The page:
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Blinded by the Barrel Aging

Barrel-aging can no longer be called the sexy new thing in beer. Almost every new brewery is trying their hands at it at least once in a while. But that doesn’t mean all are making the kind of quality consumers have come to expect from barrel-aged beer.

The key is balance (like in so many things). You want the original beer to still present itself in some fashion, but countered by a wood character. The original use of the barrel (e.g., bourbon, red wine, etc.) should also come through. The beer shouldn’t be too boozy, but if you can’t tell the barrel has deposited some extra alcohol something is wrong too.

In short not an easy task.

I had the notion of balance in my head a couple weeks ago when I opened Blindman Brewing’s 2017 version of their Barrel-Aged Porter, this year in bourbon barrels. I suspect I am late to the party once again with this, as they released it back in mid-October and it is very likely it is already gone. If not, be sure to not dally if you want to find some.

It pours opaque black, more like a stout. It presents a thin dark tan head with some moderate lacing. The aroma offers bourbon upfront, some vanilla, hints of dark roast, dark brown sugar and molasses. Some subtle woodiness lingers in the background.

I take a sip and light treacle and chocolate notes topped by light roast start in right away. The middle picks up a light bourbon character, some sweet woodiness and a slick vanilla note.  I also pick up a touch of earthiness as well as a coffee background mixed with a light sweetness that makes the beer seem like a spiked coffee of some kind. The linger is slightly boozy with a sweet bourbon edge, some roast and bit of dark bitter chocolate. The body comes across as a bit thinner than I would like – the barrel seems to have stripped away some of the fullness.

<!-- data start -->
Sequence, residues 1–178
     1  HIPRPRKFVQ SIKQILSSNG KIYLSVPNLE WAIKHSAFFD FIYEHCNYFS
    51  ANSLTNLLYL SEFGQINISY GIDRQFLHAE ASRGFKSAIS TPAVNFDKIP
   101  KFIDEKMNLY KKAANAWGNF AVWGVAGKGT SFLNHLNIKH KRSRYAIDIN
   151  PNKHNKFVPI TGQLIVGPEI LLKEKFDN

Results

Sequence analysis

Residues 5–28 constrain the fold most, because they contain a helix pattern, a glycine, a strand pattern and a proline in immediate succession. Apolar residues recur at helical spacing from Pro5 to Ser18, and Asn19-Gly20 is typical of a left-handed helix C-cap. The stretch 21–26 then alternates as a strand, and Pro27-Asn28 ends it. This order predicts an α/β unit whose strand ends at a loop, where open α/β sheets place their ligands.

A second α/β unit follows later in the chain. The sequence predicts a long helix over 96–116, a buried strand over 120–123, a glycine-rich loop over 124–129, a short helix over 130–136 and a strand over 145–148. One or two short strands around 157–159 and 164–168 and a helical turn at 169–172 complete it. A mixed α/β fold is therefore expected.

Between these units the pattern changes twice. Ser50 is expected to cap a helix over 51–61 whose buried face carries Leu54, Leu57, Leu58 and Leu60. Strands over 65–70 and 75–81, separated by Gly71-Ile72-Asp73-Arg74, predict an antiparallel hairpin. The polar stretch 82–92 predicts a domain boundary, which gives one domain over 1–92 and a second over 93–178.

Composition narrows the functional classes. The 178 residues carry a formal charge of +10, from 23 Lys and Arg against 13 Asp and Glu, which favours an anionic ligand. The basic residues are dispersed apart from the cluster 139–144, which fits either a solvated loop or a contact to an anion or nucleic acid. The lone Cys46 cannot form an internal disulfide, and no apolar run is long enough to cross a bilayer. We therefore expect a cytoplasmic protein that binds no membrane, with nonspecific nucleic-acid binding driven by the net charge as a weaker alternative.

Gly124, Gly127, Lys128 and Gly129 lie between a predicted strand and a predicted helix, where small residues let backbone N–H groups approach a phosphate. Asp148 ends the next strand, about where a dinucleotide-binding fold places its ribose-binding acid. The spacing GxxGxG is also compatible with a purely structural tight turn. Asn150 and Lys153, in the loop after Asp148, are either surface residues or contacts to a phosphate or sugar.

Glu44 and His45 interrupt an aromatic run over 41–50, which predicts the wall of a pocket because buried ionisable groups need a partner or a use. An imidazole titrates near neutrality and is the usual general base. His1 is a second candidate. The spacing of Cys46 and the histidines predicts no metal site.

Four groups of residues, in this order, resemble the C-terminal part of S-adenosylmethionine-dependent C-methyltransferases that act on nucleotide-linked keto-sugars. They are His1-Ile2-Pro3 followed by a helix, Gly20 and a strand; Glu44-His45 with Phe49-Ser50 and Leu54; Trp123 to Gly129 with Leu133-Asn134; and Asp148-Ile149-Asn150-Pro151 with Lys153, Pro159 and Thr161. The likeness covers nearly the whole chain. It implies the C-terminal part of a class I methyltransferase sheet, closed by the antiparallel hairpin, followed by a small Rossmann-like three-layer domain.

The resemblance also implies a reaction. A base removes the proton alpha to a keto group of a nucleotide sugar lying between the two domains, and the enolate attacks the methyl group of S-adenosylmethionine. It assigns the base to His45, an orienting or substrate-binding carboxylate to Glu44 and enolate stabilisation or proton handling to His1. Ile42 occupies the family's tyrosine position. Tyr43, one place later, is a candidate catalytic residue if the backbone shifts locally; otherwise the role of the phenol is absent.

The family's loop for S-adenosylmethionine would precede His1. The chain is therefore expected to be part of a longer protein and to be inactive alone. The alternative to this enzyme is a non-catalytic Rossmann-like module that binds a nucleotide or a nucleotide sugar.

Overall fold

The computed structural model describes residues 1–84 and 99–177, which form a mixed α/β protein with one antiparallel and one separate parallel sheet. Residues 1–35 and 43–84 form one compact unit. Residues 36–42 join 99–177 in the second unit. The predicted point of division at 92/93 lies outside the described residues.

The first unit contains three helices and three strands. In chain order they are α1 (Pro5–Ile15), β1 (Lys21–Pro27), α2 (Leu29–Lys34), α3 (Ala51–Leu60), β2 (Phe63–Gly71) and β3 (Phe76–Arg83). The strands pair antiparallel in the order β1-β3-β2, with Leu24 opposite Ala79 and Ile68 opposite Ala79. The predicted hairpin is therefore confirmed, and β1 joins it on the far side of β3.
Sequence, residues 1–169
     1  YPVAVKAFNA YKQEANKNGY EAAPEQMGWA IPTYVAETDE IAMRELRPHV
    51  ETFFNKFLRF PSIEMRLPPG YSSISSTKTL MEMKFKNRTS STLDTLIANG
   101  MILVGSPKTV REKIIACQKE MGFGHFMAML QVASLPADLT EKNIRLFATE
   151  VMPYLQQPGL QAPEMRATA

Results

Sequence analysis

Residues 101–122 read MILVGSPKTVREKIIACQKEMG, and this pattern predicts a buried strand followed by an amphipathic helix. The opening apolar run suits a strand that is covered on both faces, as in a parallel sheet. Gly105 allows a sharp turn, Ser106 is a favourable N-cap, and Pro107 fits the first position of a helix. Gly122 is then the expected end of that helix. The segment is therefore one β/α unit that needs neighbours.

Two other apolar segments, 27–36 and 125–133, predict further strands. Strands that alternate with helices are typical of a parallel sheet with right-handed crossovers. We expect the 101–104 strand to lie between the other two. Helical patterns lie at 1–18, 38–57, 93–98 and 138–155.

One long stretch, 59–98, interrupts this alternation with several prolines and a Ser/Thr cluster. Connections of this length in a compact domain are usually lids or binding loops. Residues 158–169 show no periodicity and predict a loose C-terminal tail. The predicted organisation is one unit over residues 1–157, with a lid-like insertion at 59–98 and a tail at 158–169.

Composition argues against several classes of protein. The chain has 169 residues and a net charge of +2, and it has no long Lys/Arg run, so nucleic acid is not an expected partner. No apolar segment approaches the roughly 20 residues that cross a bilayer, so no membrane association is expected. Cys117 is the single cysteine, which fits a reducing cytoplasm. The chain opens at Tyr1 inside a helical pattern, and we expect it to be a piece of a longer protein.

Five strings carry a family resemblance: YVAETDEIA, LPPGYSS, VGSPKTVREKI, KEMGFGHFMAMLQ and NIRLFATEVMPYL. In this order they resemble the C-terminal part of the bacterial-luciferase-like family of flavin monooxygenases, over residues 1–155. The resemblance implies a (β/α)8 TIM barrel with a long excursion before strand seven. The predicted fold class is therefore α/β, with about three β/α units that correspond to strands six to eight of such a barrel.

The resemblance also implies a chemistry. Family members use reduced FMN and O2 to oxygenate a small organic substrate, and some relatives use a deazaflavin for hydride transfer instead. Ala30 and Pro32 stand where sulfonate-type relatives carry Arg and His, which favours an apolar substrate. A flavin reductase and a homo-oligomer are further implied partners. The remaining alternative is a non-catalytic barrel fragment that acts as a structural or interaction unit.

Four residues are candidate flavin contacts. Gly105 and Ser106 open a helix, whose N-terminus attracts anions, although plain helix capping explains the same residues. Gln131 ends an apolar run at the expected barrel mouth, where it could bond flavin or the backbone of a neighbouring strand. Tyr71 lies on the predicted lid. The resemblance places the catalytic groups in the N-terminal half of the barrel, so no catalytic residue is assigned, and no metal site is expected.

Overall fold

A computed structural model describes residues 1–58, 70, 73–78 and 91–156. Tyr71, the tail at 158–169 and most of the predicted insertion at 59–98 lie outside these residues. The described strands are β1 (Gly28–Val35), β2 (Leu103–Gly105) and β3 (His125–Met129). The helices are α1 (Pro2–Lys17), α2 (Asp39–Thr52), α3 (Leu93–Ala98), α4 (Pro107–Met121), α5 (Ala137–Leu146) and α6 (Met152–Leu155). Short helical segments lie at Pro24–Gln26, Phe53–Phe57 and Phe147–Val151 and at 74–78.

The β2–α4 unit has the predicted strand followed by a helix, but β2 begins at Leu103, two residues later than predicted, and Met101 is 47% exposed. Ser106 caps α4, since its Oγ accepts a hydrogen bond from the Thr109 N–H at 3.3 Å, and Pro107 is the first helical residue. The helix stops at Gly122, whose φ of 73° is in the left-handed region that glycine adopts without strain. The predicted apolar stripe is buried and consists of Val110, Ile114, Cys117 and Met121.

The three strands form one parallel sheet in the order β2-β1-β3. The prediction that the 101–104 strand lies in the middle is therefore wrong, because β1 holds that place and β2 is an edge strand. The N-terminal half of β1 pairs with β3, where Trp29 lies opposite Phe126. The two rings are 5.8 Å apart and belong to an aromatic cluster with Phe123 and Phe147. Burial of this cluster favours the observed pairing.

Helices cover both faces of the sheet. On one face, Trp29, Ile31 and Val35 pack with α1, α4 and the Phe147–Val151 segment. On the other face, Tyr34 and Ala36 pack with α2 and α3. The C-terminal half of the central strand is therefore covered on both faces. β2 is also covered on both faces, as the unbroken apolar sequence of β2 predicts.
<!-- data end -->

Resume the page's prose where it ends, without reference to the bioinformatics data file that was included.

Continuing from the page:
The beer has some nice barrel character to it, along with a rounded flavour. I find the roast a bit too assertive, especially since I don’t find it quite so upfront in the original version of the beer (Triphammer Porter). I also would have liked to see a bit more of the original porter come through – a beer I quite enjoy – as it comes across a bit thinner than a porter should. However, that is the risk with barrel-aging. A price is always to be paid for gaining the loveliness of the barrel and its former contents. Some variables you simply can’t control.

Still, overall it is a nice sipper and an enjoyable experience. Also a good lesson that making a world-class barrel-aged beer is hard, but that you don’t have to ace it to produce an enjoyable, worthy offering.

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